US20130048727A1 - Optical indicia reading terminal with color image sensor - Google Patents

Optical indicia reading terminal with color image sensor Download PDF

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Publication number
US20130048727A1
US20130048727A1 US13217139 US201113217139A US2013048727A1 US 20130048727 A1 US20130048727 A1 US 20130048727A1 US 13217139 US13217139 US 13217139 US 201113217139 A US201113217139 A US 201113217139A US 2013048727 A1 US2013048727 A1 US 2013048727A1
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image sensor
plurality
indicia reading
reading terminal
integrated circuit
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Abandoned
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US13217139
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Yong Liu
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Metrologic Instruments Inc
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Metrologic Instruments Inc
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    • GPHYSICS
    • G06COMPUTING; CALCULATING; COUNTING
    • G06KRECOGNITION OF DATA; PRESENTATION OF DATA; RECORD CARRIERS; HANDLING RECORD CARRIERS
    • G06K7/00Methods or arrangements for sensing record carriers, e.g. for reading patterns
    • G06K7/10Methods or arrangements for sensing record carriers, e.g. for reading patterns by electromagnetic radiation, e.g. optical sensing; by corpuscular radiation
    • G06K7/10544Methods or arrangements for sensing record carriers, e.g. for reading patterns by electromagnetic radiation, e.g. optical sensing; by corpuscular radiation by scanning of the records by radiation in the optical part of the electromagnetic spectrum
    • G06K7/10712Fixed beam scanning
    • G06K7/10722Photodetector array or CCD scanning

Abstract

An optical indicia reading terminal can comprise a microprocessor, a memory, and an image sensor integrated circuit including a two-dimensional image sensor. The image sensor integrated circuit can be configured to read out a plurality of analog signals. Each analog signal can be representative of light incident on at least one pixel of the image sensor. The image sensor integrated circuit can be further configured to derive a plurality of luminance signals from the plurality of analog signals, each luminance signal being representative of the luminance of light incident on at least one pixel of the image sensor. The image sensor integrated circuit can be further configured to store a frame of image data in the memory by converting the plurality of luminance signals to a plurality of digital values. The optical indicia reading terminal can be configured to process the frame of image data for decoding decodable indicia.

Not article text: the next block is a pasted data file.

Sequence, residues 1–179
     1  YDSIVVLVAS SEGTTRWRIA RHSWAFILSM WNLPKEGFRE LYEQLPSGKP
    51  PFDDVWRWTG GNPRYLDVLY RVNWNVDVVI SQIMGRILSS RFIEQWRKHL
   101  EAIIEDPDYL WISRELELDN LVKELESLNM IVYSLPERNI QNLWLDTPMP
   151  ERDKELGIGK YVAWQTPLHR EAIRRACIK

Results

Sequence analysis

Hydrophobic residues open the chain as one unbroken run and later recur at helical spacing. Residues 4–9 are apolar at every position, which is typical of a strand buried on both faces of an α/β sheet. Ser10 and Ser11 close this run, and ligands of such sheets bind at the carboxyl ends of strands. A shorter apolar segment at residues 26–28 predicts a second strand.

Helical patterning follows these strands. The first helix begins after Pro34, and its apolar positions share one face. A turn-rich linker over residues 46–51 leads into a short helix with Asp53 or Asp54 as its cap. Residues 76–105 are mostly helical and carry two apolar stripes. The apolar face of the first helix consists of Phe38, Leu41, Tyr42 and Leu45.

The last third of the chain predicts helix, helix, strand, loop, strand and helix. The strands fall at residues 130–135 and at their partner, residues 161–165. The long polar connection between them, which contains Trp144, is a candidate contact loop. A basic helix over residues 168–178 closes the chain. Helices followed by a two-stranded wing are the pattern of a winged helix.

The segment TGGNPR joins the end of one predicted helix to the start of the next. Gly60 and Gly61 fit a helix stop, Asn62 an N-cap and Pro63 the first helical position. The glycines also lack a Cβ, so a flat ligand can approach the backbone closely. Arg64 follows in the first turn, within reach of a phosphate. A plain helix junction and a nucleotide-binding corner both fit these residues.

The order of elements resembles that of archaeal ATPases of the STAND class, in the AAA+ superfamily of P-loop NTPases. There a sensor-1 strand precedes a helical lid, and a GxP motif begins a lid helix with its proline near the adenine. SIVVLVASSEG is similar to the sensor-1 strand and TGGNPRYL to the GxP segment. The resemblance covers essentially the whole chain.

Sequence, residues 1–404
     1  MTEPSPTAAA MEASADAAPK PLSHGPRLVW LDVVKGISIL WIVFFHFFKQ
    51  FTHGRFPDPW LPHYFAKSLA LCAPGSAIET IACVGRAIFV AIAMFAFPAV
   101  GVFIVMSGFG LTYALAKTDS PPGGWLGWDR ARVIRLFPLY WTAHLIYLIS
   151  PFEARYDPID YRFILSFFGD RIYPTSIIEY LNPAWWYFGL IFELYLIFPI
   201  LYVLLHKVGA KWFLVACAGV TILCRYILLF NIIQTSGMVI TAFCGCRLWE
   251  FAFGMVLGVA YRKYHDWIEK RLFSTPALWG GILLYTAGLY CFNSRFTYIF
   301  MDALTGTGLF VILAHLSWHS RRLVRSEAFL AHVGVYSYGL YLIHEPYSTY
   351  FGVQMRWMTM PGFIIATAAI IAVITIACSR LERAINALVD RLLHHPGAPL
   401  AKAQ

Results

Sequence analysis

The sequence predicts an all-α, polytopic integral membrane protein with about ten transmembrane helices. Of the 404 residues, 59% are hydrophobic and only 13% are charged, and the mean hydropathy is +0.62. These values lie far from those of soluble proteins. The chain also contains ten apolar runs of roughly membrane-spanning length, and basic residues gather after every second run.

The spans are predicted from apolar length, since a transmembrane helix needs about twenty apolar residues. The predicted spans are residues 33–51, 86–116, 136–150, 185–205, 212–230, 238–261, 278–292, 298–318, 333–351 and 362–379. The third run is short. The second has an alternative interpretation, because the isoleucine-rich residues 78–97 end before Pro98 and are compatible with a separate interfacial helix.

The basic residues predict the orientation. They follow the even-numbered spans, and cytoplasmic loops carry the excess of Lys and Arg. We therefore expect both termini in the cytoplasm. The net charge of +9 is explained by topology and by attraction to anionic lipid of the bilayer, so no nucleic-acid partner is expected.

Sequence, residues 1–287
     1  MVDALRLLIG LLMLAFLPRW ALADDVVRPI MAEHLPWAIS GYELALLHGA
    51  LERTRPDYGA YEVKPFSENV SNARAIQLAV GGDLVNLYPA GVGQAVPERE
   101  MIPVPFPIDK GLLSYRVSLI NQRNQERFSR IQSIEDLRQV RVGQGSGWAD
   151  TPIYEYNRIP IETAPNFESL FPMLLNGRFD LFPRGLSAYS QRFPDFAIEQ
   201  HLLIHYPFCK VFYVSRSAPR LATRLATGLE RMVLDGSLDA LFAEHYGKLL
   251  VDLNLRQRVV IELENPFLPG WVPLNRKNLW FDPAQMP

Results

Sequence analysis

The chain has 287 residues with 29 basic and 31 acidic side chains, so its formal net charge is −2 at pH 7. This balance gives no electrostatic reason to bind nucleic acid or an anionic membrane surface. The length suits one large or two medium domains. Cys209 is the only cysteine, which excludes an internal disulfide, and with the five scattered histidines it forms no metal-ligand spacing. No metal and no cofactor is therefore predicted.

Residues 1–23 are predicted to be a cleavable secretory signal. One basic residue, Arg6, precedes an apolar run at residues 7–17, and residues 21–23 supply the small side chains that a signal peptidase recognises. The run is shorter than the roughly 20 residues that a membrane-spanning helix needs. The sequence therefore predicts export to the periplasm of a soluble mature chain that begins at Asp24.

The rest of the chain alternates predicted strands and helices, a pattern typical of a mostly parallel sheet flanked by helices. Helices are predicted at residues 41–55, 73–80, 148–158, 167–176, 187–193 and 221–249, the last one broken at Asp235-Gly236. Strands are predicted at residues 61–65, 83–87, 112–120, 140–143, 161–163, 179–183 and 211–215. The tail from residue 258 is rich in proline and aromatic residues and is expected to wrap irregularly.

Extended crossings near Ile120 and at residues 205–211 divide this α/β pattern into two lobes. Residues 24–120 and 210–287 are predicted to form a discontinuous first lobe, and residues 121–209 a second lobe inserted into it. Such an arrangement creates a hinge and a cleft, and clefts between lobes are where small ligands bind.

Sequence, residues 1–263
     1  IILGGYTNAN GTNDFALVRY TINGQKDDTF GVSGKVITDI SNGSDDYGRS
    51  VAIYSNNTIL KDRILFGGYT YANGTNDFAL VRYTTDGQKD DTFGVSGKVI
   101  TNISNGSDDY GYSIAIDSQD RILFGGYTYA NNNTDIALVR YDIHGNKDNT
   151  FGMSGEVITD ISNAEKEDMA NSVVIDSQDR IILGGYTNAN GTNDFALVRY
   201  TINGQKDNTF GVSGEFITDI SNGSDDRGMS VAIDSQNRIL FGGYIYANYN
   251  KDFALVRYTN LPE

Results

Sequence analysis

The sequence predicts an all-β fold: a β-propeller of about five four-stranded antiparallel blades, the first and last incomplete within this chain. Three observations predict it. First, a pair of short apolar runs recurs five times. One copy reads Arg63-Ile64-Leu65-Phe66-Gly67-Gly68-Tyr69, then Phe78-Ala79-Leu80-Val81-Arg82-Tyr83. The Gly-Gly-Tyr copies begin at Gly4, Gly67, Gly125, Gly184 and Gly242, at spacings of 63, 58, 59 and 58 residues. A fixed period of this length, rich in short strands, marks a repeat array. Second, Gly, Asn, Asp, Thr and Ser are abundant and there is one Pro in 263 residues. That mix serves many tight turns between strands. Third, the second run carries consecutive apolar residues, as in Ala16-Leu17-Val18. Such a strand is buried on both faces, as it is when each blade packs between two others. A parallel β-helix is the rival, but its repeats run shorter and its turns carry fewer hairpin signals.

Description

    FIELD OF THE INVENTION
  • The present invention relates to indicia reading terminals in general and in particular to an optical based indicia reading terminal.
  • BACKGROUND OF THE INVENTION
  • Indicia reading terminals are available in multiple varieties. The well known gun style reader as commonly seen at retail store checkout counters is typically available in a form devoid of a keyboard and display. Enhanced functioning indicia reading terminals having keyboards, displays, and advanced networking communication capabilities are also available. Typically, indicia reading terminals have triggers or buttons for activating decoding attempts. Some indicia reading terminals employ color image sensors.
  • SUMMARY OF THE INVENTION
  • There is provided an optical indicia reading terminal comprising a microprocessor, a memory, and an image sensor integrated circuit, all coupled to a system bus, and a hand held housing encapsulating the two-dimensional image sensor. The image sensor integrated circuit can comprise a two-dimensional image sensor including a plurality of pixels. The image sensor integrated circuit can be configured to read out a plurality of analog signals. Each analog signal of the plurality of analog signals can be representative of light incident on at least one pixel of the plurality of pixels. The image sensor integrated circuit can be further configured to derive a plurality of luminance signals from the plurality of analog signals, each luminance signal being representative of the luminance of light incident on at least one pixel of the plurality of pixels. The image sensor integrated circuit can be further configured to store a frame of image data in the terminal's memory by converting the plurality of luminance signals to a plurality of digital values, each digital value being representative of the luminance of light incident on at least one pixel of the plurality of pixels. The optical indicia reading terminal can be configured to process the frame of image data for decoding decodable indicia.
  • BRIEF DESCRIPTION OF THE DRAWINGS
  • The features described herein can be better understood with reference to the drawings described below. The drawings are not necessarily to scale, emphasis instead generally being placed upon illustrating the principles of the invention. In the drawings, like numerals are used to indicate like parts throughout the various views.
  • FIG. 1 schematically illustrates one embodiment of an optical indicia reading terminal;
  • FIG. 2 illustrates a block diagram of one embodiment of the optical indicia reading terminal;
  • FIGS. 3 a-3 c illustrate the functioning of several embodiments of an image data extracting module;
  • FIG. 4 is an exploded perspective view of an imaging module carrying a subset of circuits as shown in FIG. 2;
  • FIG. 5 is an assembled perspective view of the imaging module as shown in FIG. 7;